The novel Coronavirus is changing the business landscape at lightning speed.
While governments continue to work to blunt the negative impacts, there is already one new provision designed to help employers assist workers needing to take leave for either health or family care reasons.
The Families First Coronavirus Response Act, signed into law last week, allows small and midsized employers to use two new refundable payroll tax credits aimed at immediately reimbursing them, dollar for dollar, for the cost of providing Coronavirus-related leave to their employees.
The new law also mandates paid leave benefits for small business employees affected by the COVID-19 emergency. Learn some details on the new law below.
The new law grants tax credits to small employers to cover payments to eligible employees while they take time off under the mandatory emergency COVID-19 paid sick leave and paid family leave provisions. These provisions apply to employers with less than 500 employees.
The new law takes effect April 1, 2020.
Emergency Paid Leave Details
- Emergency paid sick leave under the new law is limited to $511 per day for up to 10 days (up to $5,110 in total) for an employee who's in COVID-19 quarantine or seeking a COVID-19 diagnosis.
- An employee can also receive emergency COVID-19 paid sick leave of up to $200 per day for up to 10 days (up to $2,000 in total) to care for a child whose school or childcare location has been closed or whose childcare is unavailable due to COVID-19.
- In addition, the law gives an employee the right to take up to 12 weeks of job-protected family leave if the employee or a family member is in COVID-19 quarantine or if the school or childcare location of the employee's child is closed due to the outbreak.
- The employer must pay at least two-thirds of the employee's usual pay, up to a maximum of $200 per day, subject to an overall maximum of $10,000 in total family leave payments.
- Employers with fewer than 50 employees may qualify for an exemption from paid child care leave requirements.
Tax Credits to Reimburse Employers
To help employers cover these now-mandatory emergency leave payments, the law allows a refundable tax credit equal to 100% of qualified sick leave wages and family and medical leave wages paid by the employer.
- The credit applies only to eligible leave payments made during the period beginning on a date specified by Treasury Secretary Mnuchin and ending on December 31, 2020.
- The credit also offsets - uncapped - the employer contribution for health insurance premiums for the employee for the period of leave.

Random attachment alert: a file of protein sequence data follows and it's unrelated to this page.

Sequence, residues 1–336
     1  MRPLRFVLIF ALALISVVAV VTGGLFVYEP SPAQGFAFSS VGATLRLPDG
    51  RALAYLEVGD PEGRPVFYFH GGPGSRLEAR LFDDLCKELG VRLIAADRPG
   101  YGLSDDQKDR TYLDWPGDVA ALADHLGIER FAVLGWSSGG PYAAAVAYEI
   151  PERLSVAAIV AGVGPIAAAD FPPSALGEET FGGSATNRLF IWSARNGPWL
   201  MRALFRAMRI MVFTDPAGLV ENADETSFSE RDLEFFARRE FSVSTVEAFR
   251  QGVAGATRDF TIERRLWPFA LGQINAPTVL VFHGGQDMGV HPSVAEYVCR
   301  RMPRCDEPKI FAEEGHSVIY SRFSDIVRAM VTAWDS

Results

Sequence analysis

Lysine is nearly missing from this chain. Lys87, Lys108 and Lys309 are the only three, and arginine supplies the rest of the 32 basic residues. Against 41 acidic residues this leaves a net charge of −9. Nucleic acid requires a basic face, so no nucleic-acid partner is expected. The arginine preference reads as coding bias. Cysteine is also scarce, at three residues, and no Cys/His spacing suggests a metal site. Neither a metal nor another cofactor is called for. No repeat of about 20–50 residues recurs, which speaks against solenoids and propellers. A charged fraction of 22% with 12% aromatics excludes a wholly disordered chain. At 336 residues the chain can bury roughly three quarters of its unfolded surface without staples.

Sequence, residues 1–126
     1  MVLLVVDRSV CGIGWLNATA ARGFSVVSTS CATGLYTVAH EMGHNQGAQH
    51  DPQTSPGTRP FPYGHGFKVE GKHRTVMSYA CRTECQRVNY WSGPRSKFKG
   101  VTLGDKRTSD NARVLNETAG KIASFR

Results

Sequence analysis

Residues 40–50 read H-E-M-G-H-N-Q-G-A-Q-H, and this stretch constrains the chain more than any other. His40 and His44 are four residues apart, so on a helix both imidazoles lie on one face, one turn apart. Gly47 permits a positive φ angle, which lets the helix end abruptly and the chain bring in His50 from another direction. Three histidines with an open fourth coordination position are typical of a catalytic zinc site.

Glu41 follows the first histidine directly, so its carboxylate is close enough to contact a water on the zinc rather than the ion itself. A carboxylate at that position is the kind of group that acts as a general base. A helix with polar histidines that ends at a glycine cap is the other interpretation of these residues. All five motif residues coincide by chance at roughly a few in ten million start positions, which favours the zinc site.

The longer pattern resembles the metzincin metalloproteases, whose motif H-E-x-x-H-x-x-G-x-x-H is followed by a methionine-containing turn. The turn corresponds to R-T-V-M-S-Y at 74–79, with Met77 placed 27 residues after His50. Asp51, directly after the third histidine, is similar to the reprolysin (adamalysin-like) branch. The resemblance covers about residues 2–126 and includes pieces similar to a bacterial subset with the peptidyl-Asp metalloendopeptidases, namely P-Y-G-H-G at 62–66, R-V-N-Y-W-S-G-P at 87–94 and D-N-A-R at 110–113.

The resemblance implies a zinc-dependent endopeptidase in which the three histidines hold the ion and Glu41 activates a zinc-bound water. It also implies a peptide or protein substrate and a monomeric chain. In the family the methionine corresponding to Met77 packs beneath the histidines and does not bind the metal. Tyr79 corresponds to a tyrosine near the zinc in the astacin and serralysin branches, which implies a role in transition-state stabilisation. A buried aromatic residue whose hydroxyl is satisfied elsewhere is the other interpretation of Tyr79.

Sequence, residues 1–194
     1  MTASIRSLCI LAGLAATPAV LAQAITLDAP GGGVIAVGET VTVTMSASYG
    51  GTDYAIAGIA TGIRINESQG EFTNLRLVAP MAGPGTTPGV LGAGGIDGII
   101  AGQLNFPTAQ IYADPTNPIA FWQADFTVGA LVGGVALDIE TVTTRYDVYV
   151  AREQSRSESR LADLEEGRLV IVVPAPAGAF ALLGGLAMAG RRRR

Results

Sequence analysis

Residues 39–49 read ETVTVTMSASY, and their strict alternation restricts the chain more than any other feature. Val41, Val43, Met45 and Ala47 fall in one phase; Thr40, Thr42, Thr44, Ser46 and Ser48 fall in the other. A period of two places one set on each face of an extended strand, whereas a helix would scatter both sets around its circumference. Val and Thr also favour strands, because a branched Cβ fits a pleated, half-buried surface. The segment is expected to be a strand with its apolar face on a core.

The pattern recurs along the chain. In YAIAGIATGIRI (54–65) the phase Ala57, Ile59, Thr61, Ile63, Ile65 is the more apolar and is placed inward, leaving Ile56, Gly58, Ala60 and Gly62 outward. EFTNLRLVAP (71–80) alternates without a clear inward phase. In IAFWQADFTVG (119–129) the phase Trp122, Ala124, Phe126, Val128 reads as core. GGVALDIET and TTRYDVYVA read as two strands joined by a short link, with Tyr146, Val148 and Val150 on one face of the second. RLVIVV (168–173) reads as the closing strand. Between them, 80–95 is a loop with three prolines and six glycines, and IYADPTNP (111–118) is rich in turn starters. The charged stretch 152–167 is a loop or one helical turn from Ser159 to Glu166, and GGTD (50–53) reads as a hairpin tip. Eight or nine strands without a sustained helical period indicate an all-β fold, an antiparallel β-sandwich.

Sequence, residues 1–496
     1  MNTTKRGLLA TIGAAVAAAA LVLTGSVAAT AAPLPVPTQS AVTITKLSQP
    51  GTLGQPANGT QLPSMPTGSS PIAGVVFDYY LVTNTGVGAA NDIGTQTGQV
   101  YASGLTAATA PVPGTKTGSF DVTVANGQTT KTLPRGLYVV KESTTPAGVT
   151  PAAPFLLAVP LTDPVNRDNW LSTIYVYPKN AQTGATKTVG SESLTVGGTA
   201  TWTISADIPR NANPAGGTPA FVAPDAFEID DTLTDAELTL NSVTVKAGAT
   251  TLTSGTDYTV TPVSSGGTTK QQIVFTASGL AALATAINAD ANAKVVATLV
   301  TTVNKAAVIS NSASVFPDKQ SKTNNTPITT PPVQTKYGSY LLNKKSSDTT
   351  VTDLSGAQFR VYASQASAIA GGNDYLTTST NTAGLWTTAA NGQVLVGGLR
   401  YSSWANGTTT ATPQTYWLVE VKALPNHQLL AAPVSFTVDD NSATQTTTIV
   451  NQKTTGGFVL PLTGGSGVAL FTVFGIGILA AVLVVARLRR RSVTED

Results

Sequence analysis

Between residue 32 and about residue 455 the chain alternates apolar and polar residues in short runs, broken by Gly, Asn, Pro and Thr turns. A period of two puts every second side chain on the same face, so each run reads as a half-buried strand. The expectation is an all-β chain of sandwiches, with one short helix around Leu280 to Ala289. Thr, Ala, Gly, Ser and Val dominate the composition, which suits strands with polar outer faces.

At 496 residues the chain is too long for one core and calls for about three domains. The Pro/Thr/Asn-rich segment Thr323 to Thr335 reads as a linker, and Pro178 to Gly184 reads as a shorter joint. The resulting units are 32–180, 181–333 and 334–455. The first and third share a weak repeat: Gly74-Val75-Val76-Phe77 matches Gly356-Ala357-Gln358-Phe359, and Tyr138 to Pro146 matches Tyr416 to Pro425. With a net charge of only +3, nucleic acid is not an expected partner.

- The credit can or will be used to offset the Social Security tax component of the employer's FICA tax bill. Any excess credit is refundable, meaning the government will issue a check to the employer for the excess.
Important: The credit isn't available to employers that are already receiving the pre-existing credit for paid family and medical leave under Internal Revenue Code Section 45S.
New Tax Credit Examples
Check out these two examples on how the credits might be used:
|If an eligible employer paid $5,000 in sick leave and is otherwise required to deposit $8,000 in OASDI taxes, the employer could use up to $5,000 of the $8,000 of taxes it was going to deposit to reimburse itself for qualified leave payments. The employer would only be required under the law to deposit the remaining $3,000 on its next regular deposit date.|
|If an eligible employer paid $10,000 in sick leave and was required to deposit $8,000 in OASDI taxes, the employer could use the entire $8,000 of taxes in order to reimburse itself for qualified leave payments and file a request for an accelerated credit for the remaining $2,000.|
Employer FICA Tax Relief
Qualified sick leave and family leave payments mandated by the new law are exempt from the 6.2% Social Security tax component of the employer FICA tax on wages. Employers must pay the 1.45% Medicare tax component of the FICA tax on qualified sick leave and family leave payments, but they can claim a credit for that outlay.
Credits for Self-Employed People
For a self-employed individual who's affected by the COVID-19 emergency, the new law allows a comparable refundable credit against the individual's federal income tax bill. If the credit exceeds the individual's federal income tax bill (including the self-employment tax), the excess will be refunded via a check from the government. Please contact us for more information on the self-employed credits.
What is Still Unknown
The Department of Labor is currently creating interim rules which will provide guidance on how the law will work. Until those rules are implemented, answers to many specific questions will remain unknown. When the rules are released sometime prior to April 2, the guidance will provide the clarity necessary to fully implement the new law.
Some of the unanswered questions include:
- How the 500 employee threshold will be defined, including if part-time employees count
- Also if the 500 accounts for seasonal employees or employees affected by Coronavirus-related layoffs
- How multiple, related companies will be treated with regard to employee count
This article only covers some of the COVID-19-related tax changes that have already been finalized. Other types of non-tax federal relief have also been made available and many states have announced their own COVID-19 relief.
More federal measures and additional guidance are expected soon. Contact us to discuss financial relief measures that apply in your specific situation.